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Polaris Ranger Vs. Can-Am Defender

Polaris Ranger Vs. Can-Am Defender

Engine braking on the Ranger is stronger, except for the fact that it doesn’t effect the front wheels, so it makes the rear tires slide. In the Defender, you feel traction on all four tires, but the engine braking doesn’t hold the machine back as much as on the Ranger.

This Defender comes equipped with a heavy-duty winch. If that’s on your wish list, you’re in luck. The Ranger has an engineered frame that helps install the Polaris winch easily.


The first thing that stood out was that the seat foam is better in the Defender. The Ranger wasn’t bad, but we did bottom out quicker riding in the Ranger. On the other hand, we liked the seat belts in the Ranger better. Their flexible upper mounts gave just a little to make it more comfortable when riding down bumpy trails or slamming on the brakes.

Again, in the Defender, we liked the fold-down center console/cup holder armrest tray. It was a nice separation from the other passenger when riding double or to use alone. Both machines have plenty of cup holders to go around: six on the Defender and four on the Ranger. We end up using cup holders for a lot more than just drinks. Aerosol cans like WD-40 fit well, and we’ve thrown a small Bluetooth speaker in one of them from time to time.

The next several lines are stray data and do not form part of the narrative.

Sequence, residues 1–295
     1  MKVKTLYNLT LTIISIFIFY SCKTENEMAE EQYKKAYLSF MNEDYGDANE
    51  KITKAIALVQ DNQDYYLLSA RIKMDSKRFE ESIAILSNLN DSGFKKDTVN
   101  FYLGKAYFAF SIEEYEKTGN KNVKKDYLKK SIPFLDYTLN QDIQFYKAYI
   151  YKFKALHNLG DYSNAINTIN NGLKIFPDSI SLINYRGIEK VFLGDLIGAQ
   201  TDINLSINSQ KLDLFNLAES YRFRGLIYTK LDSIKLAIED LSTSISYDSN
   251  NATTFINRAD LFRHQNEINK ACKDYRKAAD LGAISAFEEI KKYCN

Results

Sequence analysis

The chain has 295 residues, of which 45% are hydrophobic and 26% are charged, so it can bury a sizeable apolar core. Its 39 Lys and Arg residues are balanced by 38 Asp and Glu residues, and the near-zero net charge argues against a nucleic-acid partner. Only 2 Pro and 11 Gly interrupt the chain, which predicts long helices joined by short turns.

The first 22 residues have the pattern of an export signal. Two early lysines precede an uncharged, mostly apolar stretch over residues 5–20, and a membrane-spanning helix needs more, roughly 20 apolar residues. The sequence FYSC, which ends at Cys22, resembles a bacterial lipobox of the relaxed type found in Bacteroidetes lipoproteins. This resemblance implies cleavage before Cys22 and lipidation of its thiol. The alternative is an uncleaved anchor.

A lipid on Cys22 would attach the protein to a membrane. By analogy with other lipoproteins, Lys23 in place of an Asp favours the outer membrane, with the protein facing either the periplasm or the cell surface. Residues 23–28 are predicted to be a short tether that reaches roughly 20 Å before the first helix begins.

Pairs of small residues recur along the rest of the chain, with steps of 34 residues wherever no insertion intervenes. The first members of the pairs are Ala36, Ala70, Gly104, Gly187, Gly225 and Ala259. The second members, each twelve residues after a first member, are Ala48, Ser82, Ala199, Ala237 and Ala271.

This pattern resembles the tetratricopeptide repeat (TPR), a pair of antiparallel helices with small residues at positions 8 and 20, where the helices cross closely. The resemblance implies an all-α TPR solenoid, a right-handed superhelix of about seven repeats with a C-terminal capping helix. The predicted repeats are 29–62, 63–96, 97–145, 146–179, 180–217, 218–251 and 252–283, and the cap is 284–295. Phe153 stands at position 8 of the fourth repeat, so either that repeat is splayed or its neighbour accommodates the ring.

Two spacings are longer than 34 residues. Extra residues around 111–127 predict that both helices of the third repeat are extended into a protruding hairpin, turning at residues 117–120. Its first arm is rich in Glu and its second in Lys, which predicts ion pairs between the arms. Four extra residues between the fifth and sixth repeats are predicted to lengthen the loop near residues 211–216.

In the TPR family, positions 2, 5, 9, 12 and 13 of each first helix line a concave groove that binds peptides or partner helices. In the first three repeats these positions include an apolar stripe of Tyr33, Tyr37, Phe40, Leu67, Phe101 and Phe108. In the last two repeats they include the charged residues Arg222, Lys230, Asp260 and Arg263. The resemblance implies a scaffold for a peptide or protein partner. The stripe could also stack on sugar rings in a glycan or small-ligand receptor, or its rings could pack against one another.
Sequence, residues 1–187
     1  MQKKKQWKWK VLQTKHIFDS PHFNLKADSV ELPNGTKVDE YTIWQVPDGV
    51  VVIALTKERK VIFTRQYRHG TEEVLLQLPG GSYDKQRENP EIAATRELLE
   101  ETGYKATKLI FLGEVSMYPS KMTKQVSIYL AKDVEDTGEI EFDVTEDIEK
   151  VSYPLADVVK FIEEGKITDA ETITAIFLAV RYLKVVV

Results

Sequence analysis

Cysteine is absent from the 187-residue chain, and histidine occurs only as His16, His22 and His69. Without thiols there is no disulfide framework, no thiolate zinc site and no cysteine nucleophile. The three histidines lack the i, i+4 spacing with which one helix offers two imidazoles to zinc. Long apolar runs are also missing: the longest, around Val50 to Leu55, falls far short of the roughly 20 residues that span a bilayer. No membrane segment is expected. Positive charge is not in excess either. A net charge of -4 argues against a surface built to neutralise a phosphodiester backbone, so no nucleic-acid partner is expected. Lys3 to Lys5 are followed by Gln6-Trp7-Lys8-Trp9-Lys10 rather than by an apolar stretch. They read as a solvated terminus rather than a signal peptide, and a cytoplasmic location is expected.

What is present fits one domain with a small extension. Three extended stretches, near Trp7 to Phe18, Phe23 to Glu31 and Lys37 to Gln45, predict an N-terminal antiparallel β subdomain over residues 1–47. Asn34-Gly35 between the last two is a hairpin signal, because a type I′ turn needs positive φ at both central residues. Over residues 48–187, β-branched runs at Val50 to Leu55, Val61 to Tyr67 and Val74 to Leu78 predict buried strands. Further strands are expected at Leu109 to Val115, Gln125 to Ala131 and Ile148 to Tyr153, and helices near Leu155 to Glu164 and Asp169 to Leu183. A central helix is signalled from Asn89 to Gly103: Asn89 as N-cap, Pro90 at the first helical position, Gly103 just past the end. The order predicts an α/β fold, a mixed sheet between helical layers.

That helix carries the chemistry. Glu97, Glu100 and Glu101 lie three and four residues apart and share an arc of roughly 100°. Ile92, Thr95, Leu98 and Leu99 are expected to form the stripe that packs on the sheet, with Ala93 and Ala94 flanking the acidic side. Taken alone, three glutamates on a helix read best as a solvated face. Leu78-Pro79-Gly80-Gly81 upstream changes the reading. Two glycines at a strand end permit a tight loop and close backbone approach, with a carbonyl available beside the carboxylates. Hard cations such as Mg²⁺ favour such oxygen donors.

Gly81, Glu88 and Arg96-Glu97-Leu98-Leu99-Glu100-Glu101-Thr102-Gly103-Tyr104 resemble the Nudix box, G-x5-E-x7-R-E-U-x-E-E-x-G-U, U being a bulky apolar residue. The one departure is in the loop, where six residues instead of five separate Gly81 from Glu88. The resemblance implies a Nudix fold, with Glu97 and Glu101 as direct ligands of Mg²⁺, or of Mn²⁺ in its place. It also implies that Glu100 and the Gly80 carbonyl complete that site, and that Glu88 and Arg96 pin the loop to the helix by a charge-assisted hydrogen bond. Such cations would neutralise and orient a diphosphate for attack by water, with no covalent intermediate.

Two-inch hitch receivers are standard these days. Both machines claim 12 inches of ground clearance, but be aware you lose a couple of inches when loaded or just accelerating.


Both machines have a great dash and a glove box that will hold tools, parts, etc; however, the Defender goes above and beyond with two removable compartments so you can quickly take certain items with you. One is the passenger-side glove box and the other is a large bread-box-sized container that sits under the passenger seat. Both have grab handles for easy removal, carrying and reinstallation. Furthermore, the Defender has two other closable compartments near the driver for smaller items you need to make sure don’t jiggle out. The Defender easily wins this very important category for this segment.

Out back, the dump beds are a little more comparable. When full, the Can-Am’s bed lifts slightly more easily and the tailgate is slightly stronger, which is important for the guys who have to climb in and out of the bed. They both have 1000-pound ratings and can be driven when the beds are fully lifted without the tailgate rubbing the tires. Each company has its own line of accessories that snap or lock into place, so customizing is possible.

Polaris makes the engine and filter very accessible under the Ranger’s dump bed.

The engine compartment of Can-Am’s V-twin also houses the radiator reservoir, so all fluids and filters can be checked in one spot. The battery is under the passenger seat.


The great thing about machines like these is that you can use them all week long on the job site or around the farm and still enjoy them on a weekend trail ride. Hunters like how quiet they are and how much cargo they hold. You can take them trail riding up to that secret fishing hole or scout for next season. Both will get the job done any day and entertain you all weekend; however, in this contest, it wasn’t hard to see the Can-Am Defender HD8 will do it better.

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